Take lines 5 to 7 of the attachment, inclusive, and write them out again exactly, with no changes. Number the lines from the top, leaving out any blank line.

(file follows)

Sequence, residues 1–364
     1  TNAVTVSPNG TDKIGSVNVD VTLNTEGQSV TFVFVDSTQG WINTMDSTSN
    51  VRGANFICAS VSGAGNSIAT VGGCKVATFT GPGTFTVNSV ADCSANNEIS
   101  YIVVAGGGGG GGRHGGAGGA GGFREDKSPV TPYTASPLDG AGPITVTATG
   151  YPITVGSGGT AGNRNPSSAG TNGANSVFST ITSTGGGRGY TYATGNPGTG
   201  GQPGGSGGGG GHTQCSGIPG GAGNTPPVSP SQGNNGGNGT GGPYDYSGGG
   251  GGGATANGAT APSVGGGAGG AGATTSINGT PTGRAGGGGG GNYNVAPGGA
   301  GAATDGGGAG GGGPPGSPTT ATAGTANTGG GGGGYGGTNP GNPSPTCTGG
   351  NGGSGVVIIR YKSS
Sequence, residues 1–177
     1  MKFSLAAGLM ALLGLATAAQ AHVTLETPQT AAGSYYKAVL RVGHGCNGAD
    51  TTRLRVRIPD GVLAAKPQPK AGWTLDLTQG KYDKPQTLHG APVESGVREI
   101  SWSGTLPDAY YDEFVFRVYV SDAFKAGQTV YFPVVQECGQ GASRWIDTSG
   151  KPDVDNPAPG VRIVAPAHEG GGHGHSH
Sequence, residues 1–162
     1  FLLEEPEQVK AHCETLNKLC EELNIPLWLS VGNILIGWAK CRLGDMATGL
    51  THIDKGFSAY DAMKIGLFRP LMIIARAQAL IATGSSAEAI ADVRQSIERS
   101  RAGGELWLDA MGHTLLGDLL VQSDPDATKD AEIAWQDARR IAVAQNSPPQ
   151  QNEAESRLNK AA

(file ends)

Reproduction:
   151  YPITVGSGGT AGNRNPSSAG TNGANSVFST ITSTGGGRGY TYATGNPGTG
   201  GQPGGSGGGG GHTQCSGIPG GAGNTPPVSP SQGNNGGNGT GGPYDYSGGG
   251  GGGATANGAT APSVGGGAGG AGATTSINGT PTGRAGGGGG GNYNVAPGGA